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Archive for the ‘Staff pick of the week’ Category

Albrecht Dürer, Hare (A Young Hare), 1502. Source Image and original data prErich Lessing Culture and Fine Arts Archivesovided by /ART RESOURCE, N.Y. http://www.artres.com/c/htm/Home.aspx

Dürer’s Hare is the poster child for the species – everything you could ever hope for, and more.
– Nancy Minty, PT Metadata Assistant

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Jacques-Louis David The Death of Socrates (1787) The Metropolitan Museum of Art, Image © The Metropolitan Museum of Art

I vividly recall learning about David’s Death of Socrates during a history class in my freshman year of high school. I remember the warm glow of the slide as it appeared on the screen and my teacher’s detailed description of the work. On a visit to the Metropolitan Museum of Art shortly thereafter, I was amazed to see, firsthand, the manner in which David was able to convey the intensity of the moment—through composition and symbolism—all captured in a slick layer of paint on canvas. This was my first foray into the realm of art history.

- Stephen Alsa, Library Relations Manager, Domestic

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Artist unknown, Mexican Portrait of the Reverend Mother María Antonia de Rivera (c. 1775) Oil on canvas Philadelphia Museum of Art The Dr. Robert H. Lamborn Collection, 1903

I’m intrigued by this painting’s strange blend of austerity (the starched habit) and abundance (the enormous floral crown), accompanied by a mysterious gaze. I also really like the image and text combination—it’s so straightforwardly presented, but also very complexly coded. Plus, I just love nuns.

- Caroline Caviness, ARTstor Implementation Manager

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I. M. Pei, Glass Pyramid in the Cour Napoléon of the Musée du Louvre (1985-1989). Photo credit: Erich Lessing/Art Resource, N.Y. http://www.artres.com/c/htm/Home.aspx

“I like the dimensions and perspective of the landscape as viewed from the interior of I.M. Pei’s glass pyramid.”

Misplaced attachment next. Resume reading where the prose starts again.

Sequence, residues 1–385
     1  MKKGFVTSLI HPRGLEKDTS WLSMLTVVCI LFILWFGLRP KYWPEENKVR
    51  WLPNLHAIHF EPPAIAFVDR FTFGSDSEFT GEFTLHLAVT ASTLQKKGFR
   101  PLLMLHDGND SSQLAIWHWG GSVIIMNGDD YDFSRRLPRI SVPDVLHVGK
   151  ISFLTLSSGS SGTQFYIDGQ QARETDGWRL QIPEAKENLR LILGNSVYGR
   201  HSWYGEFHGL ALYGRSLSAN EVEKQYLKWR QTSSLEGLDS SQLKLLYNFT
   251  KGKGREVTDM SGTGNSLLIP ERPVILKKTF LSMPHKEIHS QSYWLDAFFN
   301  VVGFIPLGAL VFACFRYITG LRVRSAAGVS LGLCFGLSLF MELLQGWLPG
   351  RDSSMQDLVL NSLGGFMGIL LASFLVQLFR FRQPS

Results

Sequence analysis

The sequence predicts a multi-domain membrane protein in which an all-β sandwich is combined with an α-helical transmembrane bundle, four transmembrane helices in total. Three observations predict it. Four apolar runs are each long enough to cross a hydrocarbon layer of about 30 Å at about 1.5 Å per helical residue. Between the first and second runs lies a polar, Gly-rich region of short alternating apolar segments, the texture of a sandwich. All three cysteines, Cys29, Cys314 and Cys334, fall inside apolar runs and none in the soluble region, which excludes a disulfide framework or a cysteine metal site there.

Wynston Francis, Senior Windows System Administrator

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Dora Maar, Pere Ubu (1936)

Dora Maar, Pere Ubu (1936). © 2007 Artists Rights Society (ARS), New York / ADAGP, Paris

I picked Maar’s image of a baby armadillo as Pere Ubu because it captures the wonderfully grotesque nature of Alfred Jarry’s Ubu character in what is otherwise a photograph of a cute, little animal.

Joseph Tew, PT Metadata Assistant

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Doll (1730-40). The Elizabeth Day McCormick Collection, Museum of Fine Arts, Boston

“This charming little guy, with his red coat, white stockings, and blue waistcoat and britches is a really wonderful and whimsical spokesman for a fascinating moment in English and American history. Toys provide telling glimpses into the world of the child and reflect the values and fashions of the time and culture in which they are made. I like this particular fellow for the terrific lessons he offers in history, tradition, design and practical techniques.”

Tara Fleming, Executive Assistant to the Chairman, Human Resources Administrator

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Turkish bath towel (Pestamal) , c. 1800

Turkish bath towel (Pestamal) , c. 1800. Philadelphia Museum of Art, Bequest of Miss Elizabeth W. Lewis, , 1899 1899-231

I discovered this image when running a keyword search for ‘ottoman’ years ago and was pleasantly surprised to find that not only is it a beautiful example of needlework, but the image is so detailed that when zooming into it, you can closely examine every one of the stitches.

Kimberly Henrikson, Senior Support Services Manager

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